Category: Allie SmilesTags: canine arthritis, dog care, joint pain | Comments (0)
May 31, 2012 by admin
June is National Pet Preparedness month. It is also the first month of hurricane season so people with pets are reminded to make preparations in case they should be hit by a disaster. When making plans, please include what you would do with your dog in case of a hurricane, tornado, flood or other natural disaster. Having a plan and gathering these items will go a long way to help in an emergency. Please prepare yourself and all your loved ones, both human and animal. The list below contains items recommended by http://www.ready.gov/ and other experts.
TOP TEN ITEMS FOR A PET PREPAREDNESS KIT
Food (your pet’s regular food)
Leash and collar
Photo of your pet/ID and a photo of you with your pet
Medications your pet needs
Immunization/vet records (keep both updated)
First Aid Kit
Contact list of pet-friendly hotels, veterinarians, American Red Cross, American Humane Association and out-of-town friends/family
Also: toys, rope, sanitation bags
Following a tornado, hurricane, flood, earthquake, or other natural disaster, we may think that the worst is past, but hazards remain, especially for the most vulnerable, namely children and animals. The American Humane Association has provided the following tips to help parents and other caregivers keep children and animals safe and help them cope with the physical and emotional aftermath of a disaster.
• Even though the worst seems to be over, supervise children closely and inspect those areas in which they are playing. Gullies, downed electric wires, and sharp debris are just a few of the hazards children may encounter following a major disaster.
• Keep an eye on children’s emotional reaction to the crisis. Talk to children – and just as important – listen to them. Encourage kids to express how they feel and ask if anything is worrying them.
• Regardless of age, reassure them frequently that you, local officials, and their communities are all working to keep them safe and return life back to normal. Older children may seem more capable but may also be affected by the displacement in their lives.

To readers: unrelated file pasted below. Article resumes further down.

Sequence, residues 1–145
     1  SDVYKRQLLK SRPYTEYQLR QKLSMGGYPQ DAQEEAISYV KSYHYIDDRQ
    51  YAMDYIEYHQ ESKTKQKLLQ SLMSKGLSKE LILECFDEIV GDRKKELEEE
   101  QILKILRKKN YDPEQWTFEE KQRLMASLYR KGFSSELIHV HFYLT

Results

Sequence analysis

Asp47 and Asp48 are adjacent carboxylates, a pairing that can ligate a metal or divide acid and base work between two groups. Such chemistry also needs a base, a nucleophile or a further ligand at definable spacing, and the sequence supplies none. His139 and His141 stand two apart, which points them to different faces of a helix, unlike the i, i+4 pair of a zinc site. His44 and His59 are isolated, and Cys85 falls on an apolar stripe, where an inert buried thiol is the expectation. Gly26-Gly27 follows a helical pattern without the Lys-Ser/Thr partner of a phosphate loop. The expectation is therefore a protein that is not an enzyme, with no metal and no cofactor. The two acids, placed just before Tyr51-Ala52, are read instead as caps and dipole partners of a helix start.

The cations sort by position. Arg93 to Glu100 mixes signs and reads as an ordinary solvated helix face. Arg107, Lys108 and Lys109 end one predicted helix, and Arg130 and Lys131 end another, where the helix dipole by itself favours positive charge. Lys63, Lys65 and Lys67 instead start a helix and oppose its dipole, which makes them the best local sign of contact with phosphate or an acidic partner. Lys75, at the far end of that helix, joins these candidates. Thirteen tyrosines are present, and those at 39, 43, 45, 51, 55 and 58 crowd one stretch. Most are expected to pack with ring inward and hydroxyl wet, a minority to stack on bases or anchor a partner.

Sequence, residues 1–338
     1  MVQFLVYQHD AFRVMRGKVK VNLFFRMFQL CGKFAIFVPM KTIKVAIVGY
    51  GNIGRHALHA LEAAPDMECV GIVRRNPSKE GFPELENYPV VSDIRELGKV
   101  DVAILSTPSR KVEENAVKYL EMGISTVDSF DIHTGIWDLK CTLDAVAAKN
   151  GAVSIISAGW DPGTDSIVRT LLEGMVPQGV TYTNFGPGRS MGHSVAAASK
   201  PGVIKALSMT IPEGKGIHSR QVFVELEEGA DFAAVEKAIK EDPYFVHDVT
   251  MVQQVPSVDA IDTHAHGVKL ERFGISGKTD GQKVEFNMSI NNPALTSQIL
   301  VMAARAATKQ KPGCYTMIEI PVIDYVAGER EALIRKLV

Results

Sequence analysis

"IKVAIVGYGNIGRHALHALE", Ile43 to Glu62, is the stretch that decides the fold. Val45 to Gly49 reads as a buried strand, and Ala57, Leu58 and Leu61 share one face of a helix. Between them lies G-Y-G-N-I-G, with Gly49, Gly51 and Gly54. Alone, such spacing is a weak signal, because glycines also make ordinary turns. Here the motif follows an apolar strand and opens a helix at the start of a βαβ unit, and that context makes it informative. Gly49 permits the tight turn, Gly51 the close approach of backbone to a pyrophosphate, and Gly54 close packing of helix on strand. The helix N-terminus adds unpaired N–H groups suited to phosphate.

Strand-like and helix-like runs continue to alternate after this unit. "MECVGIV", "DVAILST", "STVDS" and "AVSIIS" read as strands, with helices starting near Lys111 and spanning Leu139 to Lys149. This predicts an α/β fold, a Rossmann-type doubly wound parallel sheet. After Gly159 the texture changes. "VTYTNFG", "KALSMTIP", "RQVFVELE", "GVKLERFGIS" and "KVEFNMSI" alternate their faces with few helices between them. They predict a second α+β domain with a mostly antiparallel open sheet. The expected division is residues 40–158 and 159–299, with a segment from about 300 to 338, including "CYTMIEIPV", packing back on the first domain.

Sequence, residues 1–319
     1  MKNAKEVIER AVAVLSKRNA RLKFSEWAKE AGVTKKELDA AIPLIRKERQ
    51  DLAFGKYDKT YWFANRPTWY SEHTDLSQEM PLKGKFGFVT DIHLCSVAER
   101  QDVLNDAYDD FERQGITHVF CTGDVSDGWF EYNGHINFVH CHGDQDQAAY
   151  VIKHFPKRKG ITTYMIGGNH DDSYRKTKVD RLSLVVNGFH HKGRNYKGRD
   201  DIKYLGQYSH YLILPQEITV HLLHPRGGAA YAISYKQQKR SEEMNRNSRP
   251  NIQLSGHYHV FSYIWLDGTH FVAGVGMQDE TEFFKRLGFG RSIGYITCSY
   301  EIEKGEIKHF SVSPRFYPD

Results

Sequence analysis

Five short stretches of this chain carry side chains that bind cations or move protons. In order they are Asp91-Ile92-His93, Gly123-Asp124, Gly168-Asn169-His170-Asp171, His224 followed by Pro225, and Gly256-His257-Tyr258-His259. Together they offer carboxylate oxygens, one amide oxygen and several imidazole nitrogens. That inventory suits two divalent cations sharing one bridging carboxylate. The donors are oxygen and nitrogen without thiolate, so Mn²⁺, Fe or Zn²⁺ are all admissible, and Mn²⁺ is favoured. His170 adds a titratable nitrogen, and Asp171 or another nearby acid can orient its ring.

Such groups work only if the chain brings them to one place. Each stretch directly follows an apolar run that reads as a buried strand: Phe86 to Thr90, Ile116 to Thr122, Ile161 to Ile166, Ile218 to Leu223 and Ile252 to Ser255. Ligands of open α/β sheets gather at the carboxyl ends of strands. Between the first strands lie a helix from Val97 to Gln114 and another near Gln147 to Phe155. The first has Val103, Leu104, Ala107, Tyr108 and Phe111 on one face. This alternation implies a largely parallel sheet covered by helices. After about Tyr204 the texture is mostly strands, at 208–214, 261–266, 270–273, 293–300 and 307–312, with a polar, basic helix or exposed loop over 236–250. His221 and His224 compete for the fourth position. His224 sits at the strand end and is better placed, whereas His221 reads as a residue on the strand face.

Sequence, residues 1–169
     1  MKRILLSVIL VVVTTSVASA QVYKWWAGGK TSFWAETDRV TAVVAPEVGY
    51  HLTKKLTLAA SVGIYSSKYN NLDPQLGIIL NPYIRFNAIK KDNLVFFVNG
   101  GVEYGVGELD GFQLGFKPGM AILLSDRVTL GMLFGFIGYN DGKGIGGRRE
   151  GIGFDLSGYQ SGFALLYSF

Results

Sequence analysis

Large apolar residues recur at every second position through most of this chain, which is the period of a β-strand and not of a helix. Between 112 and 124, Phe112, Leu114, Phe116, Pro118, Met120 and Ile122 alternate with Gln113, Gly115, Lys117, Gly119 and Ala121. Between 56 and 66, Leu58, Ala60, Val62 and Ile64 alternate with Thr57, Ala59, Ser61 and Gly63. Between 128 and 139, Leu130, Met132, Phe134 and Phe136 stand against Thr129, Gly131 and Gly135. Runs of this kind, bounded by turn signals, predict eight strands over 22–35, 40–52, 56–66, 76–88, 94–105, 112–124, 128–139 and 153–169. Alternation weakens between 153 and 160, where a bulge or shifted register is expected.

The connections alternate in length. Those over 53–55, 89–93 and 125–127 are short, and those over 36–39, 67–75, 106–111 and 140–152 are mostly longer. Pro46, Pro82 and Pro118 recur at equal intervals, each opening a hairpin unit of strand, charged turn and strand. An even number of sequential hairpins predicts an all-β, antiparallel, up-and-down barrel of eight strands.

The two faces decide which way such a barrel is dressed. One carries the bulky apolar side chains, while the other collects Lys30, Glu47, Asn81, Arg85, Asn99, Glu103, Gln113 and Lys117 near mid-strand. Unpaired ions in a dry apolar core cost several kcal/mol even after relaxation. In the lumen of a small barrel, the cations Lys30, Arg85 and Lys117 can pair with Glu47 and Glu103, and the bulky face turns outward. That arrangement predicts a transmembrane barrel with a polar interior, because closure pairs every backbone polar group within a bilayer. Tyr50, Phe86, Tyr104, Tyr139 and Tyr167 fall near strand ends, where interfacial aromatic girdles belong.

• Watch for symptoms of stress, including clinginess, stomachaches, headaches, nightmares, trouble eating or sleeping, or changes in behavior.
• If you are concerned about the way your children are responding long after the crisis is over, consult your doctor, school counselor or local mental health professional.
Uncertainty and change in the environment affect animals, too, presenting new stresses and dangers.
• Your pet’s behavior may change after a crisis, becoming more aggressive or self-protective. Be sensitive to these changes and keep more room between them, other animals, children or strangers.
• Animals need comforting, too. Comfort your pet with kind words and lots of pats or hugs. If possible, provide a safe and quiet environment, even if it is not their own home.
• Following a disaster, keep your pets on a leash. Changes in the landscape may confuse them and fences and other landmarks may have changed, making it more likely for them to become lost.
• Be careful when allowing pets outside where they may encounter sharp or toxic debris.
• Animals may be at more risk to various diseases that accompany natural disasters. Consult your veterinarian if your pet displays any unusual physical symptoms, and determine if any precautionary measures should be considered.
Displacement, Loss, and Reunification
If pets had to be temporarily housed away from their families, be sure and explain the reasons to children, letting them know that their animals will reunited with the family as soon as possible. If a pet is lost and cannot be found, it is important to seek help for all family members who are grieving the loss of a best friend. And once pets are reunified with their families, whether at home, a friend’s house, or a shelter, remember that animals, just like people, often do best with structure in their lives. As the family reunites and rebuilds – structure will again emerge. The best part is when everyone – pets and people – can once again find stability and normalcy in their lives.
Category: Allie SmilesTags: disaster kits, disaster preparedness, emergency kits, hurricane season, natural disasters, pet safety, tornados | Comments (0)
May 24, 2012 by admin
Today I took my dog in for grooming which included an overdue nail trimming. When I picked her up the groomer casually mentioned that he got too close on her back paw and that’s what the gold powder was about. I paid and left stunned. I didn’t know whether to drive straight to the vet or if it really was no big deal.